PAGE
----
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How To Bleed Brakes / Flush Brake Fluid

Brake Bleeding

Brake fluid needs to be changed (flushed) for three reasons:

Procedures

1-2 hours

Tools required:

Procedure:

  1. Place the vehicle on jack stands on a flat surface. If you don't have enough stands you can do one wheel at a time. Remove the wheels.
  2. Syphon off the old brake fluid in the master cylinder reservoir under the hood.
  3. Fill the reservoir with new brake fluid (don't reuse old fluid as it holds moisture and will corrode your brake system).
  4. Start with the brake farthest from the master cylinder, usually rear wheel, passenger side. Pull off the rubber cover on the bleeder valve. Attach the aquarium air line to the nipple on the bleeder.
  5. Have your assistant pump the brake pedal up and down 3-4 times, then hold the pedal down fairly hard.
  6. Open the bleeder, let fluid flow out through the air line into a waste container. (preferrably a clear bottle so you can see any air bubbles escaping the system). When the fluid stops and your assistant's foot hits the firewall (brake pedal all the way down), close the bleeder valve immediately!
  7. Go to step #5 above and drain more fluid out of the bleeder valve until clean fluid comes out. Check the master cylinder everytime and top it up as necessary. This procedure uses lots of fluid.
  8. Now move to the rear brake on the driver's side. Go to step #5 and repeat the same procedures above until clean fluid comes out of the bleeder valve and no bubbles.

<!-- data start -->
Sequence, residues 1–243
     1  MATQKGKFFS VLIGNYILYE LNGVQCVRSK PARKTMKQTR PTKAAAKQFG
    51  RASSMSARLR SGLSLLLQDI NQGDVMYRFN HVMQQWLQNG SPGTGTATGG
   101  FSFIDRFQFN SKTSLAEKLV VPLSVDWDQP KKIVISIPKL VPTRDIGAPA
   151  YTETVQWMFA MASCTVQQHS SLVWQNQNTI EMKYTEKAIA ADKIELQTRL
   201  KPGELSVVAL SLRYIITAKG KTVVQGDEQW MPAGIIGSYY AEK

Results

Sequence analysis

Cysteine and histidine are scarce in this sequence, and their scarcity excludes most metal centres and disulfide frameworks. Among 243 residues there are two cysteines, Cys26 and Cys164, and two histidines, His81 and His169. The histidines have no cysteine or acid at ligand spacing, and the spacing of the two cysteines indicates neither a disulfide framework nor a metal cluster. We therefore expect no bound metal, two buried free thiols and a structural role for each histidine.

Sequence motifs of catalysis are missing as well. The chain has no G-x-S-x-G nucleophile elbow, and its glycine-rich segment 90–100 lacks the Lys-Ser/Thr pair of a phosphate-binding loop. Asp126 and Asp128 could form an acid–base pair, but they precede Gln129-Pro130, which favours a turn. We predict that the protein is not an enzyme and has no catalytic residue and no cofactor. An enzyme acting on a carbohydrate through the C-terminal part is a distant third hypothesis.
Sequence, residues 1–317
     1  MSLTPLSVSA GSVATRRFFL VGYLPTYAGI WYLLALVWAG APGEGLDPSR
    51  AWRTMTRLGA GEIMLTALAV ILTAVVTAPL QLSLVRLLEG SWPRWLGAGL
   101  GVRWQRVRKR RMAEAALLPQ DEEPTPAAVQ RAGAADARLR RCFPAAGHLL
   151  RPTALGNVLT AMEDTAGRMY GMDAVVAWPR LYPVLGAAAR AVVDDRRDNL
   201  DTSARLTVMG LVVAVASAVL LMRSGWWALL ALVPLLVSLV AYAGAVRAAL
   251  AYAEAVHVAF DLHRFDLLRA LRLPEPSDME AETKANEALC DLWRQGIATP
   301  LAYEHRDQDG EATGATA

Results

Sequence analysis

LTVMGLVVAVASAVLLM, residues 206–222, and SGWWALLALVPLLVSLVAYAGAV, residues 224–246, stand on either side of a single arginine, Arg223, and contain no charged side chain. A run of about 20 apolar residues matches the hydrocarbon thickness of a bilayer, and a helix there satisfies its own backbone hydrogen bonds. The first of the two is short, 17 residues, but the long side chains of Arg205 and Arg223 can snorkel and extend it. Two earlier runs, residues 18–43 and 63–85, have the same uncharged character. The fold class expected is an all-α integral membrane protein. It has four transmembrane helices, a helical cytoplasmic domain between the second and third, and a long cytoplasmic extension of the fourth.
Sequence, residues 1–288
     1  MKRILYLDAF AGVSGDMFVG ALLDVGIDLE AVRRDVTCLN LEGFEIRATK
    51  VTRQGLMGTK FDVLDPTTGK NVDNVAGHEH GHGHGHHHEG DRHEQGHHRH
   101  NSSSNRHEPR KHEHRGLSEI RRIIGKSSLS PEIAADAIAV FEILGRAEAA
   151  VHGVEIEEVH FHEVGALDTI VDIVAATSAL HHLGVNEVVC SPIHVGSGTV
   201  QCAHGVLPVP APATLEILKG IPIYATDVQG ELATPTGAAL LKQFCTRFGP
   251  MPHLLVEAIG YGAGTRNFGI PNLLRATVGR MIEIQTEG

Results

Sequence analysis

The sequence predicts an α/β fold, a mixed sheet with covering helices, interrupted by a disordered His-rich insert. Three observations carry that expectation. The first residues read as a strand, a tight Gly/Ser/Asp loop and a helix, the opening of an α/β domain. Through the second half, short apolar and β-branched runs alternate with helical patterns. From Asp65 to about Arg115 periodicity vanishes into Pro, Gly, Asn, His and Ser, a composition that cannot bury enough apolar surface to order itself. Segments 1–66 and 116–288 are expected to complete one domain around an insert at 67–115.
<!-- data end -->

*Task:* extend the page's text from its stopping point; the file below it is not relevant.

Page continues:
9. Next is the front brake, passenger side, same procedure.
  10. Last is the driver's side front brake, same procedure.
  11. When finished check for any leaks, remount rubber covers on the bleeder valve nipples. Remount all wheels, re-torque lug nuts after 50-100 miles of driving.
  12. Start vehicle and depress the brake pedal. It should feel much less spongy than before this procedure. If not, there is air in the system, start over. Bleed everything again.

Note: if you assistant releases the brake pedal before you can close the bleeder valve then air will be introduced into the brake lines. This is no good! Before you start tell your assistant you will tell him/her PUMP, HOLD DOWN, RELEASE commands.

That's it, you're done. Congratulate yourself on saving some cash instead of handing it over to a mechanic.


You can also do this procedure by yourself using a hand operated "power" bleeder. Basically this is a hand-pump device with a brake fluid reservoir. You siphon off as much oil as you can from the master cylinder, then connect this device with a hose to the wheel cylinder/brake caliper bleeder nipple, open the nipple and pump the unit to force fresh brake fluid up to the master cylinder. Repeat for each wheel and occasionally drain the master cylinder of old oil.

Peter Ferlow from FordF150.net assisted in producing this article. Thanks!